A Room as an Identity Experiment

For this week’s exercise, we were asked to create a fantasy object. I choose the adjective, exciting, and decided to probe my love of Gothic novels in fifteen minutes of sketching.

During my final year of undergraduate study at Sarah Lawrence College, I wrote a thesis on female friendships in the Gothic novel from the past to the present and traced several threads about what made the Gothic novel so compelling.

When it comes to defining a Gothic novel, the setting is as much a character as any human in the novel. It holds secrets, history, and lies, and often plays a type of psychological mind-game with its heroine.

This got me thinking about the things we carry or place in boxes, and what might we learn from both ourselves and others if all we have is artifacts from different points of our lives.

Keeping that in mind I started to think about this idea as something like an escape room meets an art exhibit, and I specifically drew from one particular book to frame my idea: We Have Always Lived in the Castle by Shirley Jackson.

The book details two sisters, Merricat and Constance, who live alone after the rest of the family was poisoned at breakfast. The story is told from the perspective of the younger sister, who is childlike and erratic. There is a lot held in the home they live in and one of the scenes that stuck with me was a wall of jars where they keep pickled and canned foods in their basement.

Merricat describes the process of adding to this wall of food as adding to some grand ancestry with a collage of contributions.

All the Blackwood women had taken the food that came from the ground and preserved it, and the deeply colored rows of jellies and pickles and bottled vegetables and fruit, maroon and amber and dark rich green, stood side by side in our cellar and would stand there forever, a poem by the Blackwood women. — Shirley Jackson

Using this wall of preserves as an anchor I decided that I would think about ways in which the jars could either trigger events or hold clues for broader mysteries. Keeping in mind that a large part of the Gothic novel are themes like trapped doors, and mistaken identities, I thought what if the jars were sitting on triggers? What is removing them made certain things happen in the room.

As I started thinking about this, I tried to imagine an occupant of the room being given some kind of mystery. Not as straight forward as a dinner party, but not as high adrenaline as an escape room. In this space, they have to draw conclusions about someone who has lived there. They have to piece together the detritus of their life into something meaningful.

That’s when the room became something of a social experiment. I started to remember something a psychology professor once told me about an experiment when you put all the sides of your life into one space and had people you know solve it, and how the results would be disastrous because as human being we naturally put on masks depending on who we are with.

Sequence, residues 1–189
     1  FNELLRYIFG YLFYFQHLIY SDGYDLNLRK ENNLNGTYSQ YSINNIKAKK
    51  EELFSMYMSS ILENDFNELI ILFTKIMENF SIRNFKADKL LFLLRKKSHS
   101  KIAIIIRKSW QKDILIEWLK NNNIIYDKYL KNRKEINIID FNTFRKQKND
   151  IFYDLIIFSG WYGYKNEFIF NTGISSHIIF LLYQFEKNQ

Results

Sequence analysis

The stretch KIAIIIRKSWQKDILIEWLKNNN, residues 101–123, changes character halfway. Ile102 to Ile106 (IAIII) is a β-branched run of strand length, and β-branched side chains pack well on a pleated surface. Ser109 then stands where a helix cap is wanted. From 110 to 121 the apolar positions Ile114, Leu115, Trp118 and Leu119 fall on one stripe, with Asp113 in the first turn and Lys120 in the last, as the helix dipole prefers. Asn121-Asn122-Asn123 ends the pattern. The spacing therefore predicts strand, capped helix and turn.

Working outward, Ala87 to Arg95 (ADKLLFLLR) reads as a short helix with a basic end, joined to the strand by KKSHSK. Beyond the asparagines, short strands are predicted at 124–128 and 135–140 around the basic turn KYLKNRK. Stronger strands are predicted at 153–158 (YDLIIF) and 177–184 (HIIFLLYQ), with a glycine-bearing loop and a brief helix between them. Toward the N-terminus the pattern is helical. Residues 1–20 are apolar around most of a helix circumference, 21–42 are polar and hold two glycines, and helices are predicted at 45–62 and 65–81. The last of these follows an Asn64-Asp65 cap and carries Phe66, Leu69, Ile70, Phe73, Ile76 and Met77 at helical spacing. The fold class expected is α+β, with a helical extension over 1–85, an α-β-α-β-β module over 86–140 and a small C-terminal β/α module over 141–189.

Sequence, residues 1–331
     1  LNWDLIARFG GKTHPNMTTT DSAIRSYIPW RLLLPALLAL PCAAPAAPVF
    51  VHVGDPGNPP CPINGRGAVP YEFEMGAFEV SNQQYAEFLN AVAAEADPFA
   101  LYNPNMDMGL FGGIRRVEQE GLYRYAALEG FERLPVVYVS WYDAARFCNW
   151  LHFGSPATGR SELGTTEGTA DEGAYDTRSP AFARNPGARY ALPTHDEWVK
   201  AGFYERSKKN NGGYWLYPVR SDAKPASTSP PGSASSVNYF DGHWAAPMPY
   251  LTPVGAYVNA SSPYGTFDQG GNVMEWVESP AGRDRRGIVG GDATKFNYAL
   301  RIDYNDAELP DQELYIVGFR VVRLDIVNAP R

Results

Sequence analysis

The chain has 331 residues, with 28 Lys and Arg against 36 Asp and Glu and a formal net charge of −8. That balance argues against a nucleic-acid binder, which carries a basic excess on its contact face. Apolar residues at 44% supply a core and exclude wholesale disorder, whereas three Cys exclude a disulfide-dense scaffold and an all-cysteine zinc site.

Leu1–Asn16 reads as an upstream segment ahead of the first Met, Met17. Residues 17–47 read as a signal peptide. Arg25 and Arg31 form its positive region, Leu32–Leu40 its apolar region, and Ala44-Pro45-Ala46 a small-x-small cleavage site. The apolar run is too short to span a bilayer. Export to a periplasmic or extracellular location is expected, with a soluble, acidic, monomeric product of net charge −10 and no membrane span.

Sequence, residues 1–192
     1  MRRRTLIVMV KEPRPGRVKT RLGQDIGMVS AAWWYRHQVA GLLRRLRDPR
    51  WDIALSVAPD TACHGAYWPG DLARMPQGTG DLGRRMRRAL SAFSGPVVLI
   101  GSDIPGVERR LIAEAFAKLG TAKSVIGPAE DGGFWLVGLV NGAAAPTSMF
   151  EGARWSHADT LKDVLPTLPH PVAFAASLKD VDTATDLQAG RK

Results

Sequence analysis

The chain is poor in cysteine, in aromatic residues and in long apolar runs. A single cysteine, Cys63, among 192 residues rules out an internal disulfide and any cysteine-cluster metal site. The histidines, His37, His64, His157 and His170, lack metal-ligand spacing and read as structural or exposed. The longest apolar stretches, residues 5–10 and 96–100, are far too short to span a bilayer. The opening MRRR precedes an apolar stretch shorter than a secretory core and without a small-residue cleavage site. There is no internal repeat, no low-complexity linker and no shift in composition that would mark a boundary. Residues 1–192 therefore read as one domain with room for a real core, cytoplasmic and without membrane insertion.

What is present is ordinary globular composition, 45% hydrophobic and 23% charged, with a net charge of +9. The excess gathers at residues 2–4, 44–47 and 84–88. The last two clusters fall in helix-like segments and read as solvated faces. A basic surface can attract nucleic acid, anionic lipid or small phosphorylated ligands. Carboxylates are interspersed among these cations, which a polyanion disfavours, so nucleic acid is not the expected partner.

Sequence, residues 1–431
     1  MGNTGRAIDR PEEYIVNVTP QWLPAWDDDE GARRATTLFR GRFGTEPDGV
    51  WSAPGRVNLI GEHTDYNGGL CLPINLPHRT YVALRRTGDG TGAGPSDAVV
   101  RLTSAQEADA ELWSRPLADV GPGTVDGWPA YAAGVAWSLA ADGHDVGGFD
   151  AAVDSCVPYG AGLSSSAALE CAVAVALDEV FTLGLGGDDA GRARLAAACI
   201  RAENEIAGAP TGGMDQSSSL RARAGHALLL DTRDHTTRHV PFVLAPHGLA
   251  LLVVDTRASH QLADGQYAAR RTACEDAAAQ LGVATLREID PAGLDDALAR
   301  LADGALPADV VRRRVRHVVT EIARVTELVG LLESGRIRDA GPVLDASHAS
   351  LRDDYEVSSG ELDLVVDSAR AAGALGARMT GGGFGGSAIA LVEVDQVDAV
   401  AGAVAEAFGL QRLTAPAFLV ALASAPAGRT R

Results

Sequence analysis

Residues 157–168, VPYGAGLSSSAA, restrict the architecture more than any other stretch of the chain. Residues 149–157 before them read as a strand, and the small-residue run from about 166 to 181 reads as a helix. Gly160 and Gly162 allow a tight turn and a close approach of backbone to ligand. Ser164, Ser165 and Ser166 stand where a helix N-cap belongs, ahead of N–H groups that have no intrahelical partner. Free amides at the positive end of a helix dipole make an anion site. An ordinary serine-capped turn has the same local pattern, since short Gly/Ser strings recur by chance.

With that in mind, I started to envision an escape room-type setup where technology should be seamless, and almost undetectable, and indistinguishable from the artifacts the person is working with.

What the objective is, I am not sure, but I think that overall this setup could prove enlightening in putting the self and and the uncanny on display. As I started to populate the room I started to imagine what other bits could inhabit it. A briefcase. A coat. A hat. Some unopened mail. All of these would build a narrative for a person, and what the user would have to uncover would be open to interpretation and reveal as much about the user as themselves.

When thinking about development for this idea, I started to draw on the basis of identity theory as well.

For the last five years, I reviewed the NBC show Blindspot. This hour-long drama premiered in 2015 and followed the life of a woman who had come out of a bag in Times Square covered in tattoos that predicted things that were going to happen.

Over years of reviews, and particularly in early seasons, I argued that Jane Doe was the best representation of identity theory there could be. Jane was a “blank slate.” She didn’t have any influence from her prior life to inform her actions and thus was free to make her own choices. However, I also argued that the choices that Jane made were never her own, because she was being influenced by the idea that she must be a good guy and was filling the societal expectation.

I wrote in one of my Tell-Tale TV reviews in 2016:

We know so little about Jane and what led to choose to take the drugs that wiped her memory that we can’t even deduce if it really was her choice.

Watching Jane go through bits and pieces of her life and trying to pick out the significant memories and distinguish what was real from what wasn’t was a fascinating story to watch, and I wonder if, without context what someone would decide about the person inhabiting the space.

Moving forward, I would need to create a user flow with what I wanted them to find. Since this would be a self-guided game or experience, the “clues” would need to be interconnected but at the same time lose enough that they would.

Works Cited/Consulted

Busser, Lauren. “Blindspot Review: Cease Forcing Enemy (Season 1 Episode 11).” Tell-Tale TV, 1 Mar. 2016, telltaletv.com/2016/03/blindspot-review-cease-forcing-enemy-season-1-episode-11/.

Jackson, Shirley. We Have Always Lived in the Castle (Penguin Classics Deluxe Edition) (Deluxe). Penguin Books, 2006.



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Lauren Busser, M.S.

TV. Books. Navigating burnout. Holds an M.S. from NYU in Integrated Digital Media.